3. February – 18. March 2012
“Fiction reveals truth that reality obscures” (Ralph Waldo Emerson)
Kunstverein Arnsberg is pleased to announce its exhibition “The Invisible Hand”, a solo show by German artist Jan Peter Hammer. Born in Kirchheim unter Teck, Jan Peter Hammer’s artistic practice revolves around narrative and the articulation of text and image. The artist often works with video installation and slide projections in which real events are etched onto fictional stories.
The past is unpredictable; the way we recall and reconstruct past experiences is as unsettled as the way History narrates itself. Self and society remain locked in a dialectical loop. Narration is a recursive interplay, in which personal stories are always sketched against the backdrop of an historical leitmotif. Jan Peter Hammer’s characters are, thus, both familiar and sui generis, ordinary and unique, idiosyncratic and clichéd. As if led by an invisible hand, their innermost beliefs are an expression of the zeitgeist and their rational certainties are founded on ideology, yet they remain unyielding.
The exhibition at Kunstverein Arnsberg takes as its departing point some of the artist’s latest video works, “The Fable of the Bees”, “The Anarchist Banker” and “Der Ausflug” (The Getaway). Sharing a common topic all three pieces are hefty reflections on the consequences of rugged individualism and free-market economics.
“The Fable of the Bees” is a 1705 poem by Bernard Mandeville in which the author brings into being the counter-intuitive argument that better people make the world a worse place, since so-called vices such as egoism or greed stimulate social prosperity, whilst altruism or honesty result in collective atavism and disinvestment. Shot in the guise of a YouTube homemade production, Jan Peter Hammer’s eponymous video shows an eager young professional unwittingly channeling Mandeville’s reasoning, providing a good illustration of the adage that “practical men who believe themselves to be quite exempt from any intellectual influences, are usually the slaves of some defunct economist" (J.M. Keynes).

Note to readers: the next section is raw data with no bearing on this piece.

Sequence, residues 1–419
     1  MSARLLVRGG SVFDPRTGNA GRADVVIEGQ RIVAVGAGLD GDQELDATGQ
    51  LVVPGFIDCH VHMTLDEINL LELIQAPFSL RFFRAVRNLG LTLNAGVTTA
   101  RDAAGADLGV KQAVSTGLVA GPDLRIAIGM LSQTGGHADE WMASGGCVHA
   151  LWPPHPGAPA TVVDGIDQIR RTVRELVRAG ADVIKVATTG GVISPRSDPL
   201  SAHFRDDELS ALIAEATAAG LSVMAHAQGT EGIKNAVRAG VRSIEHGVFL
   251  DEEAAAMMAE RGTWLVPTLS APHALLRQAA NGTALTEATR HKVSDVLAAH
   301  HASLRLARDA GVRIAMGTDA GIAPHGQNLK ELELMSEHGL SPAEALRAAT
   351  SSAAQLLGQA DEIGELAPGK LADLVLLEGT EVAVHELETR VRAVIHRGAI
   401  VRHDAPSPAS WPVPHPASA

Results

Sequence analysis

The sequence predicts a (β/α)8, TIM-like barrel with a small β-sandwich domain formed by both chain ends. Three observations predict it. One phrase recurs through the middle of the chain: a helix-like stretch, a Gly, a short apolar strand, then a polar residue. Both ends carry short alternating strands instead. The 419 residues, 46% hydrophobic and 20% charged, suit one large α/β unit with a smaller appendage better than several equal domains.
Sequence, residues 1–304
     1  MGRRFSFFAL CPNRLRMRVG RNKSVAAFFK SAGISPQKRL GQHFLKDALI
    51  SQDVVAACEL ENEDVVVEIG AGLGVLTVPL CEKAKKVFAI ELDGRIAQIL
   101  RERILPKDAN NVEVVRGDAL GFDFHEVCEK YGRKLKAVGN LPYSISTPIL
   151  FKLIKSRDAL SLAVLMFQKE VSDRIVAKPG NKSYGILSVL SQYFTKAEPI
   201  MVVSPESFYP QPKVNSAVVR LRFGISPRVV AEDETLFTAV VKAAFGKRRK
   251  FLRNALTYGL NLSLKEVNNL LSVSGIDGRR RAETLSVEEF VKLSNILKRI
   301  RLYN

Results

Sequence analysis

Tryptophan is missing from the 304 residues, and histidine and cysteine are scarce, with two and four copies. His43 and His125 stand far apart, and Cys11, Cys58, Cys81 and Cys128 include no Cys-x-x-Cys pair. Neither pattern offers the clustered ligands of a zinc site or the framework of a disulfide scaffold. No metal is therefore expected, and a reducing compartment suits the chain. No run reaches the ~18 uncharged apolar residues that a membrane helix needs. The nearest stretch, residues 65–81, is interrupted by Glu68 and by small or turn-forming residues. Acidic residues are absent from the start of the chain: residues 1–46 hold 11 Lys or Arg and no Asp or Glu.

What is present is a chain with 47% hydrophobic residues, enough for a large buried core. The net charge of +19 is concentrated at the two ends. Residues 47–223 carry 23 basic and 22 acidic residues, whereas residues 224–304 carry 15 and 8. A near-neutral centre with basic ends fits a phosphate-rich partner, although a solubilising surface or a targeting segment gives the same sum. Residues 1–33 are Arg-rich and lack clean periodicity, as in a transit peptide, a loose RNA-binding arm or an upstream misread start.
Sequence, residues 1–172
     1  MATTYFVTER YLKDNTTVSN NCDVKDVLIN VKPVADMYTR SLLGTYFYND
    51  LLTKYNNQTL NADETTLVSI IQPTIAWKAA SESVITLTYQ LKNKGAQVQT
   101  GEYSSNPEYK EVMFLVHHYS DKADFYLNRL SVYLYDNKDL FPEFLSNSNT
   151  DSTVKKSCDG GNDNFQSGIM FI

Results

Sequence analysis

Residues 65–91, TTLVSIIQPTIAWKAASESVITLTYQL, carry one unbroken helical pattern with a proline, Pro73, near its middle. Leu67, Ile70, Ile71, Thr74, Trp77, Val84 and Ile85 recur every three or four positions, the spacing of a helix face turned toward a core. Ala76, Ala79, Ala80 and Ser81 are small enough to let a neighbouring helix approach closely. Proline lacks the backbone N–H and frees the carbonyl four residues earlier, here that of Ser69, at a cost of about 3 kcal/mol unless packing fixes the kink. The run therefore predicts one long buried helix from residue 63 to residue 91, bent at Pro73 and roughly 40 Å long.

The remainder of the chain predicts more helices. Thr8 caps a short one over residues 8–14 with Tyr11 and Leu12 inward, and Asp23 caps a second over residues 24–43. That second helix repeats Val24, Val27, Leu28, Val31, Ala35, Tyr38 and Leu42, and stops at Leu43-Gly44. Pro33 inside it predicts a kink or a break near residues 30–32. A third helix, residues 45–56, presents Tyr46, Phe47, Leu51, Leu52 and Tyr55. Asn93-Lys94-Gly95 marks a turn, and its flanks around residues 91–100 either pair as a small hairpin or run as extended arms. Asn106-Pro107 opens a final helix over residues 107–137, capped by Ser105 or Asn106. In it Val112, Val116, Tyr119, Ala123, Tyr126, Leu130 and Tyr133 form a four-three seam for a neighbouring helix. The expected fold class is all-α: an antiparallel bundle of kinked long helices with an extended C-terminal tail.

Named after a short story written in 1922 by the Portuguese poet Fernando Pessoa, “The Anarchist Banker” emulates the style of a talk show, in which the host interviews a banker in the aftermath of the 2008 financial crisis. The dialogue’s original content has been adapted to reflect the financial practices of neo-liberalism and the resulting credit crunch. The words of Arthur Ashenking lead us on a journey through the arch of history, from the writings of Max Stirner to the economic policies of Milton Friedman. The banker’s inexorable logic, with which he explains the core of his economical philosophy and debunks his opponent is, however, faithful to the original, and proves itself uncannily contemporary in its defense of ‘rational egoism’ and unabashed individualism.
“Der Ausflug” (The Getaway) illustrates a self-fulfilling prophecy. A young couple meets for a first date in a bucolic scenario but their expectations differ. The young woman is in a romantic mood. Her partner, however, takes her presence for granted, and behaves unwittingly rude by airing his views on the “impossibility of love under the aegis of rational choice” – a thesis which will, ironically, provide a considerably accurate assessment of his own situation.
Together with the above-mentioned pieces, the exhibition “The Invisible Hand” will comprise a selection of ancillary works: neon-sculptures, photographs and slide projections which will provide the viewers with a comprehensive view into the artist’s manifold practices.